Purpose.  This was going to be a different word until New Year’s Day, when the family went to see the movie “Hugo,” which among other things contemplates the notion of purpose in one’s life.  Over the past few years, I’ve spent far less time in church – OK, just about none – and far less time focusing on things that might make a difference in other people’s lives.  This is a problem if you’re 52 as I am.  What will people say about me when I’m gone? Did I leave the world a better place?  Did I make a difference in someone’s life who will go on to make a difference in many others (I’m hoping I’ve done that with my kids, but I’m thinking more broadly here).  Tony Schwartz wrote on this subject on the Harvard Business Review blog recently and he asks the question even more simply, “Why am I here?”  I’ve taken baby steps on this word recently – signing up to review United Way allocation requests next month and trying to drive some changes in some of our communications strategies at work – but this one will clearly be my most difficult challenge this year.

So what about you?  What are your three words?  Son Tyler’s are Positive Mental Attitude, and I’ve seen a difference in the past six weeks as a result of his following that mantra.  Even if you don’t capture your three words in a blog post or comment, think the concept through.  Write them on a file card and carry them around with you and take a look at them periodically, particularly if your New Year’s Resolutions have already fallen by the wayside.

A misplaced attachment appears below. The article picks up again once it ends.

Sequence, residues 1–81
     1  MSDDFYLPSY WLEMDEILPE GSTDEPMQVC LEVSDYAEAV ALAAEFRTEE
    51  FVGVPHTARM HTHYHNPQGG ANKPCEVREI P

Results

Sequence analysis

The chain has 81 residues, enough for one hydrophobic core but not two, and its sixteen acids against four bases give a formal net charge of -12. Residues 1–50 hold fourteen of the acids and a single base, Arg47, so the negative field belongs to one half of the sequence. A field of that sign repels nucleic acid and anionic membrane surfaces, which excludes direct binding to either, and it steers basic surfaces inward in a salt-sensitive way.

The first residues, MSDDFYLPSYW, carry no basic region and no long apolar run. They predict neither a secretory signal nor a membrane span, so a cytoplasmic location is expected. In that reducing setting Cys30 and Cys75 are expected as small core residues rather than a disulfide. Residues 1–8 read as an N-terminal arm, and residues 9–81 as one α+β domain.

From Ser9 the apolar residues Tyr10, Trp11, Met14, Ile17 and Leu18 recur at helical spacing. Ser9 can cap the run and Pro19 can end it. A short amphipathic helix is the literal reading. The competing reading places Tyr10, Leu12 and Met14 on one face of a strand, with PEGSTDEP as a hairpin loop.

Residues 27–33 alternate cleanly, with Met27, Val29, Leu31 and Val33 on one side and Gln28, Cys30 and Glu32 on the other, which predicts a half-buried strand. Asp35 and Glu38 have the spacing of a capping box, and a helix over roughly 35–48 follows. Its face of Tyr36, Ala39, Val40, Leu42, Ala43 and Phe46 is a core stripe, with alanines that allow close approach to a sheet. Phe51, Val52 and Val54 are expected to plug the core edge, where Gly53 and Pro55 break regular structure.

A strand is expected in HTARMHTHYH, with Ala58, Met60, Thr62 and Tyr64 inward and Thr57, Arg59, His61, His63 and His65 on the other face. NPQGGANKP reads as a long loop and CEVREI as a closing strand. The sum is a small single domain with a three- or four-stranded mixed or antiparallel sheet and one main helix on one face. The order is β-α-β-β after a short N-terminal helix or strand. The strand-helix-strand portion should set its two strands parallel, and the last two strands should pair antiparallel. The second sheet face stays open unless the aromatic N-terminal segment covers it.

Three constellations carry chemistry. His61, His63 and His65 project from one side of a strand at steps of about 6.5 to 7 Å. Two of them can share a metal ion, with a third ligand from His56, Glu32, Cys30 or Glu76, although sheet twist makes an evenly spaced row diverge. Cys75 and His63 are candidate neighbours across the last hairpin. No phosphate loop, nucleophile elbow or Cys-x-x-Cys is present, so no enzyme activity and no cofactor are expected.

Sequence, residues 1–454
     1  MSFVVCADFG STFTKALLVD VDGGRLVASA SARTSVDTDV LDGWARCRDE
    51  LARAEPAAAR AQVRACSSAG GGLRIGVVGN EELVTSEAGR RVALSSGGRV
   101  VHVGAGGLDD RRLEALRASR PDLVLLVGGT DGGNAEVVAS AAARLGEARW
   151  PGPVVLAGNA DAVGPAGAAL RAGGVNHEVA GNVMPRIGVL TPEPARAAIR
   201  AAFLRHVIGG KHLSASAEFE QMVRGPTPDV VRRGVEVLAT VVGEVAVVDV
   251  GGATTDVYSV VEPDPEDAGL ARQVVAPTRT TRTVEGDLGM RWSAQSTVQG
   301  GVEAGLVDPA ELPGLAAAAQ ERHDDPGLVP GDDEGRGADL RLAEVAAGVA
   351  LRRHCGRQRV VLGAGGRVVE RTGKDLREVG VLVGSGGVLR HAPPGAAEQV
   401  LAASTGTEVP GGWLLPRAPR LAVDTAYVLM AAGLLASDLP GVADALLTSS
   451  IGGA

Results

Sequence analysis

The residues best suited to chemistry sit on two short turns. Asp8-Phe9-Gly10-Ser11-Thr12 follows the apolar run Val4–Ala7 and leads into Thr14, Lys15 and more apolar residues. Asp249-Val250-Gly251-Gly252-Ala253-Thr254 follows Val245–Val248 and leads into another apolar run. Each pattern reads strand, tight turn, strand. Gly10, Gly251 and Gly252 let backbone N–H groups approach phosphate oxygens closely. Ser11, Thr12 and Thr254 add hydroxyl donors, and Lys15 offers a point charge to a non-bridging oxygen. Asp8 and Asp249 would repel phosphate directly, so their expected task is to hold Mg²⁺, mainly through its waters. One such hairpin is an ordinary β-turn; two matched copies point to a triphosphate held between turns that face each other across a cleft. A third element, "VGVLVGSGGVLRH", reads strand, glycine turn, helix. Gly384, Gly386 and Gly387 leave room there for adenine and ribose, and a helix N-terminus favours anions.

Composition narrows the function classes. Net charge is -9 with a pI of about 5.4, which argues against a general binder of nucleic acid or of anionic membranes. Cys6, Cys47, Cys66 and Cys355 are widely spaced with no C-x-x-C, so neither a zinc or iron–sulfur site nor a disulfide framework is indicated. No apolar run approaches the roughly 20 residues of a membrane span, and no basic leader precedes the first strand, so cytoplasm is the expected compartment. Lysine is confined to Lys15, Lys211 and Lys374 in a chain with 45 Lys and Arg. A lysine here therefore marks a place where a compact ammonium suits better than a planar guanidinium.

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Feb 05 2012

Six things businesses better learn from the Komen fiasco

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Beyond the political aspect of the whole Komen-Planned Parenthood debacle — which is why most of Komen’s partners likely stayed quiet — there are some lessons that companies can take from the last few days when they’re thinking about business decisions that could blow up on social media.